“Decidimos realizar el film cuya intención encajaba de lleno en la postura política y diplomática española frente a la psicosis mundial de ‘Reyes Magos’ creada por la mal aprovechada ayuda americana y que a nuestras autoridades no podía sino complacerles la doctrina que pretendíamos sentar: Soñar…Reyes Magos…Plan Marshall…muy bien, pero no basta” [6]

This ties into the typical Berlanga characters, hopeful for an improved and “happy ending” that is so aspired and fulfilled in American cinema, but Berlanga portrays the raw honesty of deception. When the American troops drive right though Villar del Río without notice or attention made to the beautifully disguised town, the viewer feels pity for the towns people, much like the pity felt for the Spaniards during the time of Franco. A feeling of no future and no freedom from repression. The censorship could have understood this scene as deception played by the United States from the illusion of American stereotypes and American future; when in reality it’s a metaphor for the feeling of the Franco regime.

In 1953, the year the movie was released, ¡Bienvenido Mister Marshall! was nominated at the CANNES film festival. At the festival as a form of advertisement they handed out fake American dollars with the faces of protagonists Carmen Vargas, the hired singer, and Don Pablo,

 

the mayor. The movie was instantly disliked by the American crowd, feeling offended and shocked. [7] Despite the obvious attack on the Americans, Berlanga’s interest as a director was to have universal interest, not just national interest like some of his other director colleagues. For example, Juan de Orduña’s Alba de América, released in 1951, perfectly emblems the control of the dictatorship, exaggeratingly presenting Spain as a glorious and powerful country, purely going for national interest. [8] The over the top, false, heroic image of the conquistadors was easily approved by the censorship, and it can be paralleled in the “glorification” of Villar del Río. The images of the card board paintings of beautiful white Seville houses covering the real aged, humble houses of the town, reflects the mask of covering up the destruction and control of Spain during the dictatorship with the images of Spain that the world recognizes and adores. Thus, making it easy for Berlanga to make the most critical and satirical movie under the Franco dictatorship.

Bibibliography

BILBAO, Javier. “Bienvenido, Mister Marshall.” Jot Down Cultural Magazine. < http://www.jot

down.es/2012/06/bienvenido-mister-marshall/>. 2012.

ENRIQUE MONTERDE, José y RIAMBAU, Esteve; coordinadores. Historia general del cine: volumen IX, Europa y Asia 1945 – 1959. Cátedra/ Signo e imagen. Universidad Complutense de Madrid. 1996. pp 184 – 221.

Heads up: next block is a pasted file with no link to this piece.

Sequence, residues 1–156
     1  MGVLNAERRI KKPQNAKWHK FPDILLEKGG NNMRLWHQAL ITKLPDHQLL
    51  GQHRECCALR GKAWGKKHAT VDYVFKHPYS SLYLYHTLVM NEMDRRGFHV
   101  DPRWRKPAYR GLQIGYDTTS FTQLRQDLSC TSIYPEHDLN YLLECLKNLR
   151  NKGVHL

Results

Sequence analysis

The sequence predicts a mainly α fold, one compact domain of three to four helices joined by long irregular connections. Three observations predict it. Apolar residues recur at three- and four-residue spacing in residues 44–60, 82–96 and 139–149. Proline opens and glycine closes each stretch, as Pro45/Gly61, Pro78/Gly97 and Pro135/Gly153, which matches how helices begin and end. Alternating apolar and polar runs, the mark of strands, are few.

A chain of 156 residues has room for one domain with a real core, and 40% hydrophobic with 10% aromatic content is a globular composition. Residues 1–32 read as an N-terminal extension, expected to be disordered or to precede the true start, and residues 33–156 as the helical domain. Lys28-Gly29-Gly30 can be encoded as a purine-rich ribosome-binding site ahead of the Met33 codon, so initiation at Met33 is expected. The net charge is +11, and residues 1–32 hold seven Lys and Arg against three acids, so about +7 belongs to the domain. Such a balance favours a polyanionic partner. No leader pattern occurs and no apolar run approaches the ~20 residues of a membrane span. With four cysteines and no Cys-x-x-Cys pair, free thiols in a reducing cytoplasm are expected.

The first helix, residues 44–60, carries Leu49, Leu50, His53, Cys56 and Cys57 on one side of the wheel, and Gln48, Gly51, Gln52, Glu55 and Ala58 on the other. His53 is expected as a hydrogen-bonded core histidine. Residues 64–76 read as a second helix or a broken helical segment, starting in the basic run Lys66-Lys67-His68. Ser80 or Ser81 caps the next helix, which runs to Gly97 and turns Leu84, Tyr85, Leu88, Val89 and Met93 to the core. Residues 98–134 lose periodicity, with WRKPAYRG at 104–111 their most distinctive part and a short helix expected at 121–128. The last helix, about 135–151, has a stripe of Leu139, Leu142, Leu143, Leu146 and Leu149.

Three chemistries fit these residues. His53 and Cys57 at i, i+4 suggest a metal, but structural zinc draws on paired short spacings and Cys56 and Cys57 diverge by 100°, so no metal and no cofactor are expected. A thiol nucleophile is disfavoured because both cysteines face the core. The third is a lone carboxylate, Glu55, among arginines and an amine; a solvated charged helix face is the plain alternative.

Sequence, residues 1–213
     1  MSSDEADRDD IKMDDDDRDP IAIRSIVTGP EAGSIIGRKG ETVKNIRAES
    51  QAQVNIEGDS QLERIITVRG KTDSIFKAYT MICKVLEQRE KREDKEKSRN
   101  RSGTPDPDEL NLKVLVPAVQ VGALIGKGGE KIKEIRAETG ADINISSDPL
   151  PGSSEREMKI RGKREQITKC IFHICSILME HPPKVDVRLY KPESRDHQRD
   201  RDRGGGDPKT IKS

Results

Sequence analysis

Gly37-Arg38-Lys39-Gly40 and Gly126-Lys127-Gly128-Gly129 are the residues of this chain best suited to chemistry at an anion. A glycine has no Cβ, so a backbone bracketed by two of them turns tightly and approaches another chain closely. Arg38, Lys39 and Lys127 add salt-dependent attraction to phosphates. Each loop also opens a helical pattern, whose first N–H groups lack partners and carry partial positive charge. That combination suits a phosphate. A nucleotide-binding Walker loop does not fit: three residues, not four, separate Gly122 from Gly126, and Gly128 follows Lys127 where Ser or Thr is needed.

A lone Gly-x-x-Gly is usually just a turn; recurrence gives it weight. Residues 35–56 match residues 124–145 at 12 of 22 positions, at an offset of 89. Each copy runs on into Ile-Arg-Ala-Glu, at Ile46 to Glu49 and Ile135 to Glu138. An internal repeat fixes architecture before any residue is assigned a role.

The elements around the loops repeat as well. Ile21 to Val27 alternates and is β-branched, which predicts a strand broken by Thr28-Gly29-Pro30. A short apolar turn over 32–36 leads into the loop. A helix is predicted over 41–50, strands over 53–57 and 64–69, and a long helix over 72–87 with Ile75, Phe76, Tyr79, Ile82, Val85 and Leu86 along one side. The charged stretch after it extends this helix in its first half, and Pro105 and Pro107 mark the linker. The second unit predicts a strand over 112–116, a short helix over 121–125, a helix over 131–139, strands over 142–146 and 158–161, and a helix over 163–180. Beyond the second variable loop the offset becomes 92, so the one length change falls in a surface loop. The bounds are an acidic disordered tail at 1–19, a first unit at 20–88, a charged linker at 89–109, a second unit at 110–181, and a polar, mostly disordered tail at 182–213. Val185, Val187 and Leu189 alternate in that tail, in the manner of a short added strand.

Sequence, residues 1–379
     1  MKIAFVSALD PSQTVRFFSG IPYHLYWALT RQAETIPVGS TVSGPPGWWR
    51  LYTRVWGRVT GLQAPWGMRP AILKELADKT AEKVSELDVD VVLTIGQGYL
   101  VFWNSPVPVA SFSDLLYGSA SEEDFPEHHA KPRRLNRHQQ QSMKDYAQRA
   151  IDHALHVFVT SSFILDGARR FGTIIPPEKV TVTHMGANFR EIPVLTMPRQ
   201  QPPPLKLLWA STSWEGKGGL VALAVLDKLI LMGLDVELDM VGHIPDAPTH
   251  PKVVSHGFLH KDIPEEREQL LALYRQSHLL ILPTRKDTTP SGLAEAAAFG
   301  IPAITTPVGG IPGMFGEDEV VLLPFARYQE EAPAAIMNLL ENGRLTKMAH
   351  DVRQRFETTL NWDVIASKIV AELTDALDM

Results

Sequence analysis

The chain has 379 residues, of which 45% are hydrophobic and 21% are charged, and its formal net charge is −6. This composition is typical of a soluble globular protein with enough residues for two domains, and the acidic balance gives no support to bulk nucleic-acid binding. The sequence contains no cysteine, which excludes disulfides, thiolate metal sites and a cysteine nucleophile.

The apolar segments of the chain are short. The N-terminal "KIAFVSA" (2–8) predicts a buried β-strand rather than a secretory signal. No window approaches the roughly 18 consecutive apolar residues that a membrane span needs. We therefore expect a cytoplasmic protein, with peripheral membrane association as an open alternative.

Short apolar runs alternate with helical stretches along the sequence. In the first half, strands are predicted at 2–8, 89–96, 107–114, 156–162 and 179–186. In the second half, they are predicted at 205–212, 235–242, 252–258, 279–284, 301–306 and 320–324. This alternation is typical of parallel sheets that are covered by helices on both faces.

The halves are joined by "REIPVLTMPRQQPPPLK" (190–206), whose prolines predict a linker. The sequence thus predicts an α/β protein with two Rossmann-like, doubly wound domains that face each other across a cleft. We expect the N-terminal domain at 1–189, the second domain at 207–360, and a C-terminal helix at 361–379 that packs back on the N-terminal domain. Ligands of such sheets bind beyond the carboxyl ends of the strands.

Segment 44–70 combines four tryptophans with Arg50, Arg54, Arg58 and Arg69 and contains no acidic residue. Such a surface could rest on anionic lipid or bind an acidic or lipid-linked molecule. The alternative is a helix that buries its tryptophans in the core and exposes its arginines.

GOMEZ RUFO, Antonio. El cine de Berlanga y la censura de la década de los 50. Texto extraido de la conferencia datada en octubre de 2008 en la Universidad de Cádiz a cargo del autor. 2008. pp 1- 25.

MARSH, Steven. “Luis García Berlanga”. Senses of Cinema. <http://sensesofcinema.com/ 2003/great-directors/berlanga/>. 2003.

PERALES, Francisco. Luis García Berlanga. Cátedra/ Signo e Imagen/ Cineastas. 1997.

PÉREZ PERUCHA, Julio. ed. Luciano Berriatúa.  Antología Crítica del Cine Español 1906 – 1995. Cátedra/ Filmoteca Española. 1997. pp 324 – 326

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1. ENRIQUE MONTERDE, José y RIAMBAU, Esteve; coordinadores. Historia general del cine: volumen IX, Europa y Asia 1945 – 1959. Catedra/ Signo e imagen. Universidad Complutense de Madrid. 1996. pp 184.

2.PÉREZ PERUCHA, Julio. ed. Luciano Berriatúa.  Antología Crítica del Cine Español 1906 – 1995. Cátedra/ Filmoteca Española. 1997. pp 326

3.MARSH, Steven. “Luis García Berlanga”. Senses of Cinema. < http://sensesofcinema.com/2003/great-directors/berlanga/>. 2003.

4.BILBAO, Javier. “Bienvenido, Mister Marshall.” Jot Down Cultural Magazine. < http://www.jot

down.es/2012/06/bienvenido-mister-marshall/>. 2012.

5.GÓMEZ RUFO, Antonio. El cine de Berlanga y la censura de la década de los 50. Texto extraído de la conferencia datada en octubre de 2008 en la Universidad de Cádiz a cargo del autor. 2008. pp 10 – 11.

6.PÉREZ PERUCHA, Julio. ed. Luciano Berriatúa.  Antología Crítica del Cine Español 1906 – 1995. Cátedra/ Filmoteca Española. 1997. pp 325.

7.GÓMEZ RUFO, Antonio. El cine de Berlanga y la censura de la década de los 50.. Texto extraido de la conferencia datada en octubre de 2008 en la Universidad de Cádiz a cargo del autor. 2008. pp 15.

8.ENRIQUE MONTERDE, José y RIAMBAU, Esteve; coordinadores. Historia general del cine: volumen IX, Europa y Asia 1945 – 1959. Catedra/ Signo e imagen. Universidad Complutense de Madrid. 1996. pp 203 -204.